Nearly three decades later, Winny Brodt Brown continues to leave her mark on women’s hockey in Minnesota and beyond
Leaving a legacy
In terms of what Winny means to girls’ hockey in Minnesota and the legacy she’s paving, those around her can’t speak highly enough of everything she’s done. Lindsey referred to her as the Herb Brooks of hockey, putting Winny on the “Mount Rushmore of Minnesota hockey, whether it’s men’s or women’s.”
“I call her the baby Jesus of women’s hockey in Minnesota,” Lindsey said. “Like, she’s baby Jesus. Because there is no player that has gone through the Minnesota pool and gone on to collegiate success or otherwise without at some point her having a hand in it.”
Palmquist has seen many of his players go through Winny’s OS Hockey program as well. Not only does it help them develop as hockey players, but she’s also a great role model for the kids, which is important to have that female perspective, Palmquist said.
“She has been that since day one, and that’s why she’s been such an ambassador for women’s hockey in the state of Minnesota, for sure,” Palmquist said.
Future Olympian Grace Zumwinkle was in about fifth grade when she was on one of Winny’s OS select teams before the company had really taken off. She credits Winny for being instrumental in her development as a player. Zumwinkle was the 2017 Ms. Hockey out of Breck before playing for the Gophers and making her Olympic debut this winter in Beijing, China for Team USA.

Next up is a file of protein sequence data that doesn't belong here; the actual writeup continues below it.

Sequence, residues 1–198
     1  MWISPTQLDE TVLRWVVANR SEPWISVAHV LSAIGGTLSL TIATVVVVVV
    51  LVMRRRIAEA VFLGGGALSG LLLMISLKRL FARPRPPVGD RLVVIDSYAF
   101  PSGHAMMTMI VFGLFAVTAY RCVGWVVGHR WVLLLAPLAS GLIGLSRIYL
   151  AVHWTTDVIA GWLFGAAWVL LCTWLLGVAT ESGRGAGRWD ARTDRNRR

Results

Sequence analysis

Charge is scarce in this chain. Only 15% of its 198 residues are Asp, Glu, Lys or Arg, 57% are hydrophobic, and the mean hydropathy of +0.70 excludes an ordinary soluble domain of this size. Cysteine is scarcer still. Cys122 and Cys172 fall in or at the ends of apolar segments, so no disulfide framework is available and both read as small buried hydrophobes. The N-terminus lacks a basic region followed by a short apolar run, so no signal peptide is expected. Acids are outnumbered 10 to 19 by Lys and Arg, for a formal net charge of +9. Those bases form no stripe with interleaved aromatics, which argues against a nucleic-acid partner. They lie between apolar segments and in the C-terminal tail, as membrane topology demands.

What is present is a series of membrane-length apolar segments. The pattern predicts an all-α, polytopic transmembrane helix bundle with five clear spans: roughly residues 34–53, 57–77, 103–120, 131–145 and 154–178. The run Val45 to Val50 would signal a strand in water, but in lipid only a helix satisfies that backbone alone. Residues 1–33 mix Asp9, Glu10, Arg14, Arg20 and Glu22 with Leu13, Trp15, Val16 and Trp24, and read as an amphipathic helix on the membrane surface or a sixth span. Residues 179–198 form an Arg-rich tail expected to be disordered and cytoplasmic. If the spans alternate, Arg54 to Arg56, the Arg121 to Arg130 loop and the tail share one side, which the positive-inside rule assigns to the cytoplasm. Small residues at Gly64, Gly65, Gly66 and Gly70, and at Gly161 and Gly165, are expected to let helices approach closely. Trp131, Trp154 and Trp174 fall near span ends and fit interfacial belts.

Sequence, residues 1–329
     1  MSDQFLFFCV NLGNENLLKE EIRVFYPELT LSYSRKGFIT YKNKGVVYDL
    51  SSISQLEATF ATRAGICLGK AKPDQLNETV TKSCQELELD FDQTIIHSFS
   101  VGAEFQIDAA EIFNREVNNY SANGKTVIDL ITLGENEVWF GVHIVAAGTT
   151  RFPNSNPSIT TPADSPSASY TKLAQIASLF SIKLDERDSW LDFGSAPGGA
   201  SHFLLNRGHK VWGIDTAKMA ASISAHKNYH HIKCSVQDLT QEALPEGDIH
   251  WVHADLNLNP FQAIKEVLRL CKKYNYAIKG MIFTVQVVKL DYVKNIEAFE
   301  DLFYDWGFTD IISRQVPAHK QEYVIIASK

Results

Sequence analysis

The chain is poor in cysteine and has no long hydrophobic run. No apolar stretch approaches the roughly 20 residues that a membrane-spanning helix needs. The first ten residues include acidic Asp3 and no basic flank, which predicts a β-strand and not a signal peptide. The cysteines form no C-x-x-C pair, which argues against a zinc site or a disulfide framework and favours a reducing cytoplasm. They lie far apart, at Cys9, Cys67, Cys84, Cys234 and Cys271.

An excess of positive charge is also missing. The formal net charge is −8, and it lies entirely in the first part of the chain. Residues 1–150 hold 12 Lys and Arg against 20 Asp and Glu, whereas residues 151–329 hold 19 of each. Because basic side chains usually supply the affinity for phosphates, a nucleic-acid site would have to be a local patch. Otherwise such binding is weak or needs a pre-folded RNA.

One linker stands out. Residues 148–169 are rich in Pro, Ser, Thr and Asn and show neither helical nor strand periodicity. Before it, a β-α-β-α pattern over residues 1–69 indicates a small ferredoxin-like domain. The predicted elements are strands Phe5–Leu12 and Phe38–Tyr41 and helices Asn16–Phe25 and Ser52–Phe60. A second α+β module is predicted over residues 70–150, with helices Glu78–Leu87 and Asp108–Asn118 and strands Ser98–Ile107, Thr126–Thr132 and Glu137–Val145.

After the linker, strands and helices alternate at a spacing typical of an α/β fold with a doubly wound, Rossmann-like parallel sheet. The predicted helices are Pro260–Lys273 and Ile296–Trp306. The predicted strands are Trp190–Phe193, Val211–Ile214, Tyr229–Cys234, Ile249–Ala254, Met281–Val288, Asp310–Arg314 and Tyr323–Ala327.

Zumwinkle, who was a Junior Whitecaps player, appreciates the increase in opportunities and awareness for girls’ hockey that wasn’t really around before Winny. One of those things that didn’t exist before that was having college coaches watch girls play for three weekends in the summer, Zumwinkle said.
“She kind of took the lead on that,” Zumwinkle said.
It’s clear that players like Pezon and former Whitecaps defenseman Sydney Baldwin are most definitely grateful for the opportunities and to still be playing hockey after college. Going beyond the hockey rink, Winny also wrote a letter of recommendation for Baldwin, who’s going back to nursing school. Baldwin’s another one of those players who’s had Winny in her hockey life and personal life – as a mentor, friend, coach, teammate – since she was 10 years old.
“I’ve just been around her,” Baldwin said. “I just appreciate her and all that she’s done for the Whitecaps and girls’ hockey in general here in Minnesota.”
The Whitecaps often practice later on weekday evenings, like Tuesday night at 8 p.m. at TRIA Rink. For Pezon, 34, there’s nowhere else she’d rather be at that time.
Watching the journey has been exciting and unbelievable, Pezon said.
“All the work and stress and hardships that those guys (the Brodts) have had to go through between back when we were part of the CWHL and all that,” Pezon said. “I’m just appreciative that I have an opportunity to still play hockey because of those two (Jack and Winny).”
Multiple people interviewed for this story expressed their excitement about telling Winny’s story, because she’s a humble person who doesn’t talk a lot about what she does when it comes to growing the sport.
“Honestly, the scary part is, I think Winny’s done so much that I’m afraid people won’t appreciate and realize how much she’s done until she’s not doing it anymore,” Wendell said.